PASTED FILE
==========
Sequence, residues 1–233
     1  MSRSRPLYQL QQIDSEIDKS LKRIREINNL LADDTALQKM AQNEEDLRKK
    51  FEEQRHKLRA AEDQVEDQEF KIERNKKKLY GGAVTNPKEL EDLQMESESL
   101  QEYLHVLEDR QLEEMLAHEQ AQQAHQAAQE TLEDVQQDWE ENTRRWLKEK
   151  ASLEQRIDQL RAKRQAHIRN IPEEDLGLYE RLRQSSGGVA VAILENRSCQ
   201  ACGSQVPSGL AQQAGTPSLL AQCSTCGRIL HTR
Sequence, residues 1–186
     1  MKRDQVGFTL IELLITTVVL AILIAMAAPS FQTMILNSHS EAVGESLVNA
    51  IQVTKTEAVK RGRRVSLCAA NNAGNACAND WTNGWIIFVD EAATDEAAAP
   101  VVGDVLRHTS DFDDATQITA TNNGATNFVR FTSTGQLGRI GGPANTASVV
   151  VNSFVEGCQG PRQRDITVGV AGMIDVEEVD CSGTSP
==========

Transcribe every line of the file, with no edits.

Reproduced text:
Sequence, residues 1–233
     1  MSRSRPLYQL QQIDSEIDKS LKRIREINNL LADDTALQKM AQNEEDLRKK
    51  FEEQRHKLRA AEDQVEDQEF KIERNKKKLY GGAVTNPKEL EDLQMESESL
   101  QEYLHVLEDR QLEEMLAHEQ AQQAHQAAQE TLEDVQQDWE ENTRRWLKEK
   151  ASLEQRIDQL RAKRQAHIRN IPEEDLGLYE RLRQSSGGVA VAILENRSCQ
   201  ACGSQVPSGL AQQAGTPSLL AQCSTCGRIL HTR
Sequence, residues 1–186
     1  MKRDQVGFTL IELLITTVVL AILIAMAAPS FQTMILNSHS EAVGESLVNA
    51  IQVTKTEAVK RGRRVSLCAA NNAGNACAND WTNGWIIFVD EAATDEAAAP
   101  VVGDVLRHTS DFDDATQITA TNNGATNFVR FTSTGQLGRI GGPANTASVV
   151  VNSFVEGCQG PRQRDITVGV AGMIDVEEVD CSGTSP